On December 22, 1971, the Mujibnagar government came home to a liberated Bangladesh. The moment remains an indelible part of our history, for the provisional government of Bangladesh constituted in April 1971 was the very first instance in history of a government formed by, composed of and administered by Bangalees.
Among those who were part of the enterprise, in what was clearly the darkest moment in Bangladesh's history with the Pakistan occupation army running riot all across the occupied country, were acting president Syed Nazrul Islam, prime minister Tajuddin Ahmed and ministers M Mansur Ali and AHM Quamruzzaman.
The Mujibnagar government served as a huge inspiration to the 75 million people of Bangladesh, who had felt lost and without leadership since Bangabandhu Sheikh Mujibur Rahman had been taken prisoner by the Yahya Khan junta and secretly flown to (West) Pakistan. By April 12, 1971, Tajuddin Ahmed had put a skeleton government into shape. As prime minister, he made a radio broadcast to the nation to announce the historic move.
However, it was on April 17 at Meherpur, Chuadanga, that the provisional government, with the incarcerated Bangabandhu as president of Bangladesh, took office. With Col MAG Osmany as commander-in-chief of the Mukti Bahini, the government devised battlefield strategy against the Pakistani occupiers. Bangladesh was divided into 11 war sectors, with each sector operating under a sector commander. The proclamation of independence, drafted and finalised by barrister Amirul Islam, was read out by Prof Yusuf Ali.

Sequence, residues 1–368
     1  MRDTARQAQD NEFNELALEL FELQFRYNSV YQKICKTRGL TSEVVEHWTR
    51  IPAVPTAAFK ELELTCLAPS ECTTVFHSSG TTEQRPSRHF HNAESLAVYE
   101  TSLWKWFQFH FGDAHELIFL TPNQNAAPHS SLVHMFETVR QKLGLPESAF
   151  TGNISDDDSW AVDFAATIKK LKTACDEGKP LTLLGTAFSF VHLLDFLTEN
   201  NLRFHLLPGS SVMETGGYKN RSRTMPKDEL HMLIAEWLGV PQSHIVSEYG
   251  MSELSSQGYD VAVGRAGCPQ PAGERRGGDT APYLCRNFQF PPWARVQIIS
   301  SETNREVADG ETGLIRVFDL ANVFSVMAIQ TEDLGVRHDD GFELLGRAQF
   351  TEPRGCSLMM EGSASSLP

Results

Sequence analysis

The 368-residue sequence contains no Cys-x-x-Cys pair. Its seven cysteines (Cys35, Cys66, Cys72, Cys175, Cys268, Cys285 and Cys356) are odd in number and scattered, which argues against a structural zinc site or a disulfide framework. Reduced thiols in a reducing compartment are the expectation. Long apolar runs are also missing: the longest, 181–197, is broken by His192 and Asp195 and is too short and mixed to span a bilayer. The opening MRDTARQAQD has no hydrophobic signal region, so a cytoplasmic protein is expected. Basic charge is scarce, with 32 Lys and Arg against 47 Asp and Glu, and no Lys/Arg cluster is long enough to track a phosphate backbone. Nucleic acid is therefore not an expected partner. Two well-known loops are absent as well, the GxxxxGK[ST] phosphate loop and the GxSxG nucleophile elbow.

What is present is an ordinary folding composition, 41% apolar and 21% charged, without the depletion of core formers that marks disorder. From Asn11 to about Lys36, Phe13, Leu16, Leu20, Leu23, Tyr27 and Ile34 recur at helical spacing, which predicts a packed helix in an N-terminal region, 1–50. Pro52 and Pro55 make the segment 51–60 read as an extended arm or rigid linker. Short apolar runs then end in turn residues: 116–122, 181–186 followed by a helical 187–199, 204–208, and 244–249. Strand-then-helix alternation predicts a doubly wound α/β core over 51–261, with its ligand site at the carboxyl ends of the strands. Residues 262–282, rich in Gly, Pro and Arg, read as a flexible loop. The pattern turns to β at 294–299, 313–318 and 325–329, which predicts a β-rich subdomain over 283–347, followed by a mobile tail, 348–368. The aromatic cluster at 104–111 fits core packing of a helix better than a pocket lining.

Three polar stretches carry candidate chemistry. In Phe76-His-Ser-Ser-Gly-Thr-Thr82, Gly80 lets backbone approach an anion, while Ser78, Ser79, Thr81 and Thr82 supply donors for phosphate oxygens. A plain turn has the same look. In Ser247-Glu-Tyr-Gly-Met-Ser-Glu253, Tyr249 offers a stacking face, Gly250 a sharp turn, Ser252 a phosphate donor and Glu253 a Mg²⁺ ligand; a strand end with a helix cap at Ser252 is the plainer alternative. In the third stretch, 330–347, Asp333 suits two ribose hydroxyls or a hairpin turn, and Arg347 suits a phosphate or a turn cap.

Additionally, a wartime administration was put in place, where Bangalee officers of the Pakistan government, having made their way out of Dhaka, took charge of various responsibilities. Within weeks of the Mujibnagar government coming into being, the Swadhin Bangla Betar Kendra (Free Bengal Radio) went on air with a tranche of programmes -- news, commentaries, drama, humour skits, songs -- aimed at inspiring Bangalees with hope of freedom.
Abroad, Bangalee diplomats, having defected from the Pakistan foreign service, were soon spearheading programmes geared to making people in Europe and the Americas and elsewhere aware of the Bangladesh struggle. The government sent eminent Bangalee scholars, economists and politicians abroad to explain the national cause. Justice Abu Sayeed Chowdhury, in London, served as Bangladesh's top spokesman abroad.
On the fading afternoon of December 22, 1971, the Mujibnagar government came home to a rapturous welcome. At Tejgaon airport, acting president Syed Nazrul Islam and prime minister Tajuddin Ahmed told the crowd that victory would not be complete until Bangabandhu was freed by Pakistan to return to Bangladesh.
Unbeknownst to Bangladesh's people, on that very day in distant Rawalpindi, Pakistan's new president Zulfikar Ali Bhutto ordered moving Bangabandhu Sheikh Mujibur Rahman from solitary confinement in Mianwali to house arrest at a guest house outside Rawalpindi. It would be a prelude to the eventual release of the Father of the Nation and his heroic journey home.